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A Turramurra Vet Article

Keeping your Dog’s Environment Enriched for Life!

Dog Stimulation

Keeping your Dog’s Environment Enriched for Life!

by Katie Bedrossian, Pet Behaviour Consultant

Did you know that mental enrichment is just as important as physical exercise for your dog?

It is also just as important for senior dogs as it is for puppies.

Mental enrichment can:

  1. Calm and tire puppies and adolescents more than physical exercise alone.
  2. Reduce inappropriate behaviour motivated by exploration, investigations, smells, sounds, sights and boredom.
  3. Slow down meals hence reducing the chance of gastric dilation (a medical emergency where severe stomach bloating occurs) and cause high food drive dogs to feel more satisfied.
  4. Reduce the incidence and severity of canine dementia.
  5. Increase bonding through mutual enrichment activities and through dog owning satisfaction.

Top 5 easy ways to mentally enrich your dog’s life

  1. Replace the food bowl with 4-6 different food dispensing methods. There are various toys for this, but you can also use slow feeder bowls, muffin trays, soft drink bottles (supervised) and simple scatter feeds on grass. Rotate to increase mental enrichment.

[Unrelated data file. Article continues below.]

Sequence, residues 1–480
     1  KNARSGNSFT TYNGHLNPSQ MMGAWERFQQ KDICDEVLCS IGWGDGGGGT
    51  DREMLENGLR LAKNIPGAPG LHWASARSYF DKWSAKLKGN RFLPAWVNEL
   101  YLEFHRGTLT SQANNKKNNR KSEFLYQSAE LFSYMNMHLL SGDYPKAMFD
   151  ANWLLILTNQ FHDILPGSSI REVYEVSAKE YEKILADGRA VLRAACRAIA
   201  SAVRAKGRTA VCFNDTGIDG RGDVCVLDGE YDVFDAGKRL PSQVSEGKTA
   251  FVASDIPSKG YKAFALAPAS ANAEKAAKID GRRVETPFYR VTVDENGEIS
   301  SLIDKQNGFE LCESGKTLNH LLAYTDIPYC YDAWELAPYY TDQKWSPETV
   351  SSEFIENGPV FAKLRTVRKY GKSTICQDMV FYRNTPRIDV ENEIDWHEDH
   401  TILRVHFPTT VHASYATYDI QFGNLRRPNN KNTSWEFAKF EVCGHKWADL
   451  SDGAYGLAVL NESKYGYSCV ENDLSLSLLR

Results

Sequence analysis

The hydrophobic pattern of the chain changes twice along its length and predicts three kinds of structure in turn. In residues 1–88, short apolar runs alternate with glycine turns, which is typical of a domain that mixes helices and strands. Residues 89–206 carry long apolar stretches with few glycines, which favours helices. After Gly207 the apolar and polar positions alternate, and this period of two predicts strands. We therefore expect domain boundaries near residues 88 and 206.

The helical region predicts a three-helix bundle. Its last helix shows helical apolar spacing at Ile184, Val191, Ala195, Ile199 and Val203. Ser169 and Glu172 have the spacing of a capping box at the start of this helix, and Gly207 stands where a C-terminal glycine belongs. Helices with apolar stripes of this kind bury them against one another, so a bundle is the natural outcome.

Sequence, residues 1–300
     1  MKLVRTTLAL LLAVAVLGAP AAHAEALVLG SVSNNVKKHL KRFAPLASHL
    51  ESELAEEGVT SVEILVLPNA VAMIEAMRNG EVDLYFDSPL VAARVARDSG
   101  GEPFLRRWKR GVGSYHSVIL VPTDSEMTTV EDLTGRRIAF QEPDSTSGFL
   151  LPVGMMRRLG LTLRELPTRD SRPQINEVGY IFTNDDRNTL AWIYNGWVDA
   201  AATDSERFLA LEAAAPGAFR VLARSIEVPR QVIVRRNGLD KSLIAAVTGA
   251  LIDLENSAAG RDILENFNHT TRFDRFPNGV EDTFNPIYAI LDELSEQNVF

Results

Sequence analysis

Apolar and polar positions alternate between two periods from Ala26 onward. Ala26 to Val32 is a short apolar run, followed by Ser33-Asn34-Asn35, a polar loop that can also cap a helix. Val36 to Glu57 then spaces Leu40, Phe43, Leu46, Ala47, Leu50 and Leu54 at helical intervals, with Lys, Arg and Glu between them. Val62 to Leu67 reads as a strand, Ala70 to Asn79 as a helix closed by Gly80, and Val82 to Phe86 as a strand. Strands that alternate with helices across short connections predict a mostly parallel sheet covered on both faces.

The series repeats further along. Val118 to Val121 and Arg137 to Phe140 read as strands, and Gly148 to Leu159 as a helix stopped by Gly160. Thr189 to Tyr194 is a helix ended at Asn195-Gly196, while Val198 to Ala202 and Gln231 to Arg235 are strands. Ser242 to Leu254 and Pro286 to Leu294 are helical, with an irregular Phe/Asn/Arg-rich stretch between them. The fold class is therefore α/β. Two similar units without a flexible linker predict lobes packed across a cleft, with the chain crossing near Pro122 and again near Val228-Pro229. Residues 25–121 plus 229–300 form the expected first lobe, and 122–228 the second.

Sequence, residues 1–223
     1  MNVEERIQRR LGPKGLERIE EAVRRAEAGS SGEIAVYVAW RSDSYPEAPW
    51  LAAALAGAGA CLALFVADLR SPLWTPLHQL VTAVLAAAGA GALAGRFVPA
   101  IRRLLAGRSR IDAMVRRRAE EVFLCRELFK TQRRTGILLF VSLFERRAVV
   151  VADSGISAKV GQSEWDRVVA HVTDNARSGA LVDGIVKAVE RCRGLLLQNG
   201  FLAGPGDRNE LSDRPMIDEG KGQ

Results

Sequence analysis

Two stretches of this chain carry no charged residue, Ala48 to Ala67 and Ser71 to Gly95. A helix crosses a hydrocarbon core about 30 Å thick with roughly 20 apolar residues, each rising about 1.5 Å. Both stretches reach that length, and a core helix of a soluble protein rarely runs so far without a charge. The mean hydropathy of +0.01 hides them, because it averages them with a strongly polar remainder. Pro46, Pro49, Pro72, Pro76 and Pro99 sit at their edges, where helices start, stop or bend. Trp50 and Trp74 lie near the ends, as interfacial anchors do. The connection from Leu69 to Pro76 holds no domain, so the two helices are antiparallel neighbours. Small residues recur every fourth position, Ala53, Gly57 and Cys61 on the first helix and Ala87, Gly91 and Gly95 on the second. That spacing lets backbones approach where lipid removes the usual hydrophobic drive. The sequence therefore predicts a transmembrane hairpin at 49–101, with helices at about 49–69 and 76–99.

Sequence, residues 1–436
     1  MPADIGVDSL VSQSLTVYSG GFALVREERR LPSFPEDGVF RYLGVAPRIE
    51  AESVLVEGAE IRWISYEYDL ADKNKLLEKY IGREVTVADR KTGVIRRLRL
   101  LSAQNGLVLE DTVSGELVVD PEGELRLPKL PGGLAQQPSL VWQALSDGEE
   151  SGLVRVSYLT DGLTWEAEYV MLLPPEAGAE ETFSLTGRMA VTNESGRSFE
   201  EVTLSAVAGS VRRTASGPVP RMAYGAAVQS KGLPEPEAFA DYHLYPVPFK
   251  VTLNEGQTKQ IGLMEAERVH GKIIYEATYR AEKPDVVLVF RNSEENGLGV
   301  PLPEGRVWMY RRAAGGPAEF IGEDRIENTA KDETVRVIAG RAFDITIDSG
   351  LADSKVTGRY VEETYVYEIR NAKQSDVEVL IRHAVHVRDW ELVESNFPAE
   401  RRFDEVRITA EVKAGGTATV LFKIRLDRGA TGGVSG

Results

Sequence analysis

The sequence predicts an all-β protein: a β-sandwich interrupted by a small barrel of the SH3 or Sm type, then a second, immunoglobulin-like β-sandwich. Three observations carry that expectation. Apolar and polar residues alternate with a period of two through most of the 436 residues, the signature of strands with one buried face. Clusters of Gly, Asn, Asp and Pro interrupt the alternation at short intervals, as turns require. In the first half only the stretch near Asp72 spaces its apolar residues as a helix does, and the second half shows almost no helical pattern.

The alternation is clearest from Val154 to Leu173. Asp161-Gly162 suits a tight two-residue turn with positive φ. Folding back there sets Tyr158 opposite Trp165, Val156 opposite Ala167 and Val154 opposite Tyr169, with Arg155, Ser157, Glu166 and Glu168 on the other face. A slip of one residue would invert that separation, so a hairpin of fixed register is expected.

2. Take a different walking route. This can be as simple as going the opposite direction or walking on the other side of the road to your usual route.
  3. A room with a view. This works for dogs that like to just sit and watch. For dogs that bark at passersby (people or dogs) or other things outside, block visuals with static attach window frosting.
  4. Digging pit (or ball pit or IDig indoor digging pit). A digging pit is essential for dogs that like to dig in your garden, but most dogs will dig given the chance. Why not provide a sand pit for your dog? If your dog is young and not yet digging, it may even prevent digging in the wrong spot happening in the first place.
  5. Scent games. This can be with food, toys, people or material with scents sprayed on them. Hide these items and leave your dog to use their nose to find them. If you are just starting out, place them within a 2m square area, then branch out. Try to hide while your dog is elsewhere.

While physical and mental exercise are important parts of a holistic behaviour plan, there are many other components. If you are experiencing behaviour challenges with your dog (young or old) please book an appointment with our Pet Behaviour Consultant, Katie Bedrossian, for a more thorough behaviour assessment and plan.



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